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Ecuador Will Join the International Whaling Commission This Year

May 1, 2007

Ecuador Will Join the International Whaling Commission This Year

Reliable sources have confirmed to Sea Shepherd Galapagos Director of Operations Sean O'Hearn-Gimenez that Ecuador will be joining the International Whaling Commission (IWC) and will be attending the meeting to be held on May 4th, 2007 in Anchorage, Alaska, thereby demonstrating that the government of the President of the Republic of Ecuador, Economist Rafael Correa, is serious about the conservation of the world's environment.

Sea Shepherd Conservation Society has supported conservation efforts in the Galapagos Islands, a province of Ecuador, since the year 2000 and has been advising the current administration, (through its allied Ecuadorian grassroots organization, Fundación Selva-Vida Sin Fronteras), of the need for Ecuador to join as member of the IWC and to send its delegate to the 59th International meeting of this intergovernmental organization to be held this year. The IWC is responsible for whaling regulations on a global scale, and to date consists of 70 different nations, including Latin American countries such as Argentina, Brazil, Peru and Chile.


Left: Captain Watson with Galapagos National Park Director Raquel Molina
Right: Sea Shepherd Galapagos Director Sean O'Hearn-Gimenez with Captain Watson in front of Galapagos office

O'Hearn-Giminez commented that, "The significance of Ecuador's presence and vote this year against the threat of commercial whaling could be decisive at this international event, and Sea Shepherd and its allies only interest is that the whales be saved and protected." The Galapagos Islands are included on UNESCO's World Heritage Site list and have been protected as a Marine Biological Reserve but a little known fact is that Ecuador had also declared the Galapagos Islands a Whale Sanctuary in 1990. It is for this reason that Ecuador's decision to be directly involved in this whale conservation issue has profoundly demonstrated to the world that it is taking a lead in protecting marine species, especially those that are in danger of extinction.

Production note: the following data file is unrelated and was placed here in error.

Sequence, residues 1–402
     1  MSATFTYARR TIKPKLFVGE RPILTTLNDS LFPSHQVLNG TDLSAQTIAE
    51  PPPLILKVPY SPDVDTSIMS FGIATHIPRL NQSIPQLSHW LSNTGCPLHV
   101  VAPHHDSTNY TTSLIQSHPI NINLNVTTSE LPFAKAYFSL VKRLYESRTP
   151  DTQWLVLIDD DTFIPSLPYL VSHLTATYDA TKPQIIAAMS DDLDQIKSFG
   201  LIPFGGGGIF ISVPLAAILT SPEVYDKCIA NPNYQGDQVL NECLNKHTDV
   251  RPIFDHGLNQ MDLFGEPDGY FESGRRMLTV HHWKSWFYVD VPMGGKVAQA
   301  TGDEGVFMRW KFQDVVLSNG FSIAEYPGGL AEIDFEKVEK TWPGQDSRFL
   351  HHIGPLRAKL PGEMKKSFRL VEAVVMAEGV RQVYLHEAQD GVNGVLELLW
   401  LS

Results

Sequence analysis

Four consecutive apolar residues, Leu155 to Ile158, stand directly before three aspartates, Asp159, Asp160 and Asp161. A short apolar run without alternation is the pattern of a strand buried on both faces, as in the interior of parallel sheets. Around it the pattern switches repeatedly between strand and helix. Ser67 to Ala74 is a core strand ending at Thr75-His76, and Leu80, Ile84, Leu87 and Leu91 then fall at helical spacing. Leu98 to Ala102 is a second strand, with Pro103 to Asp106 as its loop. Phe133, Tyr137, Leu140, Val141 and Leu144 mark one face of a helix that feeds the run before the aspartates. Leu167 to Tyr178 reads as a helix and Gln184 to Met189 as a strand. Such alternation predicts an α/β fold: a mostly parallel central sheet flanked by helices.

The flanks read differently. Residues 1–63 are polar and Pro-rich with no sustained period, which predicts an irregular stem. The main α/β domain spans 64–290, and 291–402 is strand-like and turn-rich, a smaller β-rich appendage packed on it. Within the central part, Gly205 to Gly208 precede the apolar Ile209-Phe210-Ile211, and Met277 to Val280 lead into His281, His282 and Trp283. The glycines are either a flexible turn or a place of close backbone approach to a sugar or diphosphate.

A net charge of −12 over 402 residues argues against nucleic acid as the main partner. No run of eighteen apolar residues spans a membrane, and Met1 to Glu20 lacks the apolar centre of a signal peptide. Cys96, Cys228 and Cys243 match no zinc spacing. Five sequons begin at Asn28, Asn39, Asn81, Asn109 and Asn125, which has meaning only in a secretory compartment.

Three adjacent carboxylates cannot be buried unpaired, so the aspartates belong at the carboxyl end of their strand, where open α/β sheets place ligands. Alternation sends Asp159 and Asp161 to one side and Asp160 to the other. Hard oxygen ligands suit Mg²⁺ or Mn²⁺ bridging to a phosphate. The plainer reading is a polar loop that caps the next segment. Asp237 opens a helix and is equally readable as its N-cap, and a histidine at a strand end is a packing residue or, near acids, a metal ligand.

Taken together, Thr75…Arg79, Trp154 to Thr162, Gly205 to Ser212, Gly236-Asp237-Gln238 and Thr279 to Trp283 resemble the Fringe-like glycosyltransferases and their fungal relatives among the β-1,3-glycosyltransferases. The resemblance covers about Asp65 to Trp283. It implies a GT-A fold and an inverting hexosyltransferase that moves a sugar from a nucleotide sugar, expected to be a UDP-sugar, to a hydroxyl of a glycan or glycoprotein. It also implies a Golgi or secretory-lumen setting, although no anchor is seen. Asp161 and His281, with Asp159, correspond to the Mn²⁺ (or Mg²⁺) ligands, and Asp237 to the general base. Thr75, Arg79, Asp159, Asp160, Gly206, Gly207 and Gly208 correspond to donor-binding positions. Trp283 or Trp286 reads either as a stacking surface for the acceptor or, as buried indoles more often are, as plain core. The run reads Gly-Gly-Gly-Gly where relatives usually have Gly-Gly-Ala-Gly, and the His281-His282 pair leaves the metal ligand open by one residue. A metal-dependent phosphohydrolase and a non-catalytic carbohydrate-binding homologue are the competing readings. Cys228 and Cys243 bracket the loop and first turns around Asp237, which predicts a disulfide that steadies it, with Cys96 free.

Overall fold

Whales are a highly migratory species that follow a migratory route from the Antarctic waters up towards the coasts of Ecuador and Colombia in search of warmer waters in order to reproduce.  In Ecuadorian waters, between 2,000 and 3,000 whales reproduce annually. Despite the fact that strong Ecuadorian laws exist to protect these whales, as they migrate towards other parts of the world, they are in imminent danger of being exterminated due to whaling that is being carried out in contravention to the worldwide ban.

Sea Shepherd points out that whales represent an enormous economic resource due to the whale watching industry on the coasts of Ecuador. In Puerto Lopez, Salinas and Sua (not including the Galapagos Islands) alone, there is an estimated $3 to $7 million dollars of direct and indirect income that can be attributed to 25,000 tourists participating in whale watching each year. In fact, whale watching is the main activity of ecotourism along the Ecuadorian coasts and is helping to revitalize tourism during the summer along the coastline. Therefore, in addition to the whales' importance in the delicate marine ecosystem, they are vital to the economy of this country.


Sea Shepherd's involvement in the Galapagos Islands:

In the Galapagos Islands, Sea Shepherd since the year 2000, has partnered with the Galapagos National Park, a division of the Ministry of Environment for Ecuador. Sea Shepherd has supported patrolling operations through its donation of a retired U.S. Coast Guard cutter named Yoshka (aka Sirenian), which has proved to be indispensable in patrolling operations within the Galapagos Marine Reserve (GMR). In its seven years of operation within the GMR, it has been responsible for the confiscation of over 5,000 shark fins, reduced the threat of pirate industrial fishing fleets, prevented the illegal catch and smuggling of sea cucumbers, as well as the killing of sea lions which often are used as bait for shark hunters and subsequently its sexual organs used for the commercial production of aphrodisiacs in Asian markets.  Currently, from its office in the Galapagos, Sea Shepherd is also working on developing environmental education projects geared towards lifting an environmental awareness among the tourists that visit the archipelago as well as the many local children who are residents of the Galapagos.

Click here to read our Field Reports on our progress in the Galapagos.



 

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